Beside expensive light absorbers like silicon, there are semiconductors like zinc phosphide, copper zinc tin sulphide, cuprous oxide and iron sulphide that are much cheaper. However, for these materials to efficiently convert sunlight into energy, they need to be doped to form homojunctions, or require complementary emitter materials to form high-quality p-n heterojunctions. A team led by Alex Zettl, Harry Atwater, Ali Javey and Michael Crommie has now overcome this problem by making a simple junction with graphene rather than a semiconductor. A voltage applied to a gate over the junction can tune the energy barrier between the graphene and an adjoining layer of zinc phosphide to boost how efficiently solar cells made from these materials convert light into energy.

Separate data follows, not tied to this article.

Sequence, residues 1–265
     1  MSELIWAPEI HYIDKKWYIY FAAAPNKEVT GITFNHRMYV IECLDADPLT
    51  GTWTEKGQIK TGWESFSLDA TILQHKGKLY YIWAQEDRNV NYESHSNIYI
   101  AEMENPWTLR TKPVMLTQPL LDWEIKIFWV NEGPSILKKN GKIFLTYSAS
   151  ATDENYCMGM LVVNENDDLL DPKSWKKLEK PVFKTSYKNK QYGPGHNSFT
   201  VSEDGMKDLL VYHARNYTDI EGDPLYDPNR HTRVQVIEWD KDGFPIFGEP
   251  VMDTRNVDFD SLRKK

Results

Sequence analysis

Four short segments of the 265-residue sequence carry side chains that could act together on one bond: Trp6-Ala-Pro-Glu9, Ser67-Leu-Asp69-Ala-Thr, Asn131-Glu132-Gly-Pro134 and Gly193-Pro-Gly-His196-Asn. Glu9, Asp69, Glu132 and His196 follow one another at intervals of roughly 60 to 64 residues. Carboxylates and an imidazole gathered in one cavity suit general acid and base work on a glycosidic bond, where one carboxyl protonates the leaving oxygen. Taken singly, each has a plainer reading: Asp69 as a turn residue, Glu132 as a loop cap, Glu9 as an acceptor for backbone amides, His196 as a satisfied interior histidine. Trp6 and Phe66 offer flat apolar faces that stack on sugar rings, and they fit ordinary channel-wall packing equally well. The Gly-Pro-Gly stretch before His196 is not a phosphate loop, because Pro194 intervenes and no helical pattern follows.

The devices are relatively simple to fabricate, says Vazquez-Mena. “Jeff Bosco from Harry Atwater’s team at Caltech makes high-quality zinc phosphide films and in our lab at UC Berkeley, we are experts at growing graphene on copper substrates. Basically, we transfer the graphene from the copper onto the zinc phosphide film to form a graphene- zinc phosphide junction. We then add an insulator layer on top of the graphene, prepared by our colleagues in Ali Javey’s team, also at UC Berkeley. Finally we add a thin top gate to the structure.”

Barrier is like a dam

Conventional solar cells normally contain two bulk semiconductors, with their electrons at different energy levels. These semiconductors are brought into contact to form an electric barrier between them that separates the electrons from each side. “This barrier can be likened to the dam in a hydroelectric power plant that separates two reservoirs of water at different heights,” explains Vazquez-Mena. “In a solar cell, the electric charges are the water in the dam and we use energy from the Sun to make the charges jump over the barrier.”